Miranda Kerr, treasuring herself

Miranda Kerr, Victoria’s Angel goddess and absolute glamazon to sound death knell to other glamazons. With dimples. Where to start? How about Channel 9’s Today, circa 2005. Maybe it was later, earlier, the year is by-the-by, the point, readers, is this: Karl Stefanovic, interviewing MK in spring, pre-spring racing carnival, re: spring racing carnival; hair is flicking, lips are glossed, Karl’s leading questions are answered with his words, re-worded. I watch the interview. I listen. I wait… and before too long I half-smile and think to myself, she’s an idiot… Ha!

Looking back, I imagine media prep had occurred, quite extensive media prep. I remember a few key messages being delivered, but not much more. She didn’t bring any imagination to the interview, any personality, just a very polished presence.

It was empty and hollow and not even those dimples or that hair flick could save her from herself. That day, MK gave herself away, to me.

Fast forward years. We’ve got mother superior Miranda sprouting organic and wholesome and babies and Orlando. She has cultivated a very impressive persona. She’s done this well. Maybe a nod to her management team is due. I imagine their work has not been easy.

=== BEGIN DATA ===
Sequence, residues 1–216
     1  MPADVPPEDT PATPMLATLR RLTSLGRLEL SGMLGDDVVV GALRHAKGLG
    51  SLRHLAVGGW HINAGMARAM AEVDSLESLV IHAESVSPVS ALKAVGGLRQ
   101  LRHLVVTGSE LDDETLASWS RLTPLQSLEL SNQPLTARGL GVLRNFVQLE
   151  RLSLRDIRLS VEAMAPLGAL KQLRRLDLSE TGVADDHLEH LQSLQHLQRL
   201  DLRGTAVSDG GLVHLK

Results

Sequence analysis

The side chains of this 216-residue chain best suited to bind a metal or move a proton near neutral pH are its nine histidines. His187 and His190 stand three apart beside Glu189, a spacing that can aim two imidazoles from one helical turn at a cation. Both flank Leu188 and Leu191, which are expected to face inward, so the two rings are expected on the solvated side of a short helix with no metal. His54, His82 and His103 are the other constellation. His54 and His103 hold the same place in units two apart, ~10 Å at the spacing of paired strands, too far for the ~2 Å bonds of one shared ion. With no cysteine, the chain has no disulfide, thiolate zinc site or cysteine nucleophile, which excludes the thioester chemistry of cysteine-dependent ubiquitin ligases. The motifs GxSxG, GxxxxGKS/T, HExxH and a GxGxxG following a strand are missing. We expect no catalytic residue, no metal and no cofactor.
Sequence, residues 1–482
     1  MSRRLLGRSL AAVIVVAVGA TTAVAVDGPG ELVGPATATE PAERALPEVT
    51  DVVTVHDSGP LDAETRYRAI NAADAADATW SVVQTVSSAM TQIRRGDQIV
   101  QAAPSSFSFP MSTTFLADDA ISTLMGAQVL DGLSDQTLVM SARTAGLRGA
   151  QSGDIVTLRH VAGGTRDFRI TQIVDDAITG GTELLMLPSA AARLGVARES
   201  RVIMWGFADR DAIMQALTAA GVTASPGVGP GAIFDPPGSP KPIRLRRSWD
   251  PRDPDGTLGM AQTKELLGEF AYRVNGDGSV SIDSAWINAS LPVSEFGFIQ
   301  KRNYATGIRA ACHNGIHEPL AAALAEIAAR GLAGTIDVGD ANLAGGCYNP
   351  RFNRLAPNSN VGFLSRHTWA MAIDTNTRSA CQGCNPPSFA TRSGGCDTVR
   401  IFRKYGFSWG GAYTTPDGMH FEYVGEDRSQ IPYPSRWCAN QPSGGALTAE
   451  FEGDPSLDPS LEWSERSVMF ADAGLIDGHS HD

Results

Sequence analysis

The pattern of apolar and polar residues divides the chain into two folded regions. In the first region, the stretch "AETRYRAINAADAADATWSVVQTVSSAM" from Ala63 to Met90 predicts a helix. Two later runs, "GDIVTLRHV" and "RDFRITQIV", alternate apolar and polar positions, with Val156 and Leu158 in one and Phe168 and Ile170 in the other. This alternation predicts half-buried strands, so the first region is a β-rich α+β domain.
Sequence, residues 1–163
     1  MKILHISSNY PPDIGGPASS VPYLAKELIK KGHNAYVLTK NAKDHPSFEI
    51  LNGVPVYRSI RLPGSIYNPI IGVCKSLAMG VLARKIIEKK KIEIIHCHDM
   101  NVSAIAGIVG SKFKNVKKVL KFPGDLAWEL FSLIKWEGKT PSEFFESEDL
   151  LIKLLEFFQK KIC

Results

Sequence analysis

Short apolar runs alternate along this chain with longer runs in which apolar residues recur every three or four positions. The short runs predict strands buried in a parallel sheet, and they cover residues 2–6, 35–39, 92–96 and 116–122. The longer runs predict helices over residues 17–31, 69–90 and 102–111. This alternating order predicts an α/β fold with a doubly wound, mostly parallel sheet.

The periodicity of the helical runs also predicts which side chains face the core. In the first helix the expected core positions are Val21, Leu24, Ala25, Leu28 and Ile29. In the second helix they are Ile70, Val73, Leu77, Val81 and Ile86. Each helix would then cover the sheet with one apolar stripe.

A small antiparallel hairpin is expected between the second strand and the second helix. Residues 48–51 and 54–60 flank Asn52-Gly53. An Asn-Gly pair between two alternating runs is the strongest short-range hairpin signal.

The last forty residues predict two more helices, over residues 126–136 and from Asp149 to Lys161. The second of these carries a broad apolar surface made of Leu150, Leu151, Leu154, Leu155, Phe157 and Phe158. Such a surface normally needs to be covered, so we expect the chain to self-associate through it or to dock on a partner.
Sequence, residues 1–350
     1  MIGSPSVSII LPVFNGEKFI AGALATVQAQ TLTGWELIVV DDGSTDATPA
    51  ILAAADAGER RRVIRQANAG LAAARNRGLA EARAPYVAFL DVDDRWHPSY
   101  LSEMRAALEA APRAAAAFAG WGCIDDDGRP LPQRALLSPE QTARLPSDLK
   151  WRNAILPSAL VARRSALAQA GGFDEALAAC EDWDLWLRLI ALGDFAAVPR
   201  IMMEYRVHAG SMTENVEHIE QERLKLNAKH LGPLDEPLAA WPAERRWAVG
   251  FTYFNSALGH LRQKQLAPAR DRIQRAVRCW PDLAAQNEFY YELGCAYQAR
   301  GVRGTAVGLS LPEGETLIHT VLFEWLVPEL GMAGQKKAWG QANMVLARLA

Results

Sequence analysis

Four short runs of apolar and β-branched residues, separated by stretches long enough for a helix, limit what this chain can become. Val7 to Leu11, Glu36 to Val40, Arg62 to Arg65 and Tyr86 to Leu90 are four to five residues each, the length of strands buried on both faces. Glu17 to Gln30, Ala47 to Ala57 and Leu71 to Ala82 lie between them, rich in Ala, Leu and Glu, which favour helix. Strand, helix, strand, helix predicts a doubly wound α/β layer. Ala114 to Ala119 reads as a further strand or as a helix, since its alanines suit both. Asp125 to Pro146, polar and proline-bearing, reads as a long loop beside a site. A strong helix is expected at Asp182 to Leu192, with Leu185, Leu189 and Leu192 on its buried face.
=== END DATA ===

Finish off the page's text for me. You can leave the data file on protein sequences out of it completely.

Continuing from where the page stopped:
Late November two journalists published an article in New York magazine. It laid bare a side of Miranda Kerr very rarely revealed. They painted her as “less a person than a production”, showing “a strong reluctance to utter any sentences not purely banal”. It wasn’t kind. But importantly, in regards to their experience, it was true.

Firstly, it was nice to see my thoughts were shared by these two journalists and secondly and most importantly, it was an absolute refreshing, fabulous thing to read an article which dared to be honest about a celebrity. It didn’t blow smoke and fire up her  tight little toosh. It wasn’t scared of offending. It was honest and true and I am full of excitement for the fact that journalists dared to write and publishers dared to print a story that didn’t add to the production of Miranda Kerr.

And how nice to think, if left to her own devices, it’ll be Miranda Kerr who ends brand and production Kerr. It’ll be with gems like these that the card house begins to tumble down:  “I can’t feel bad about being who I am, just like the girl next to me can’t feel bad about being who she is… Because a rose can never be a sunflower, and a sunflower can never be a rose.”

And in case the journalists didn’t get the point, Miranda was on repeat:  “I want to encourage women to embrace their own uniqueness. Because just like a rose is beautiful, so is a sunflower, so is a peony. I mean, all flowers are beautiful in their own way, and that’s like women too.”


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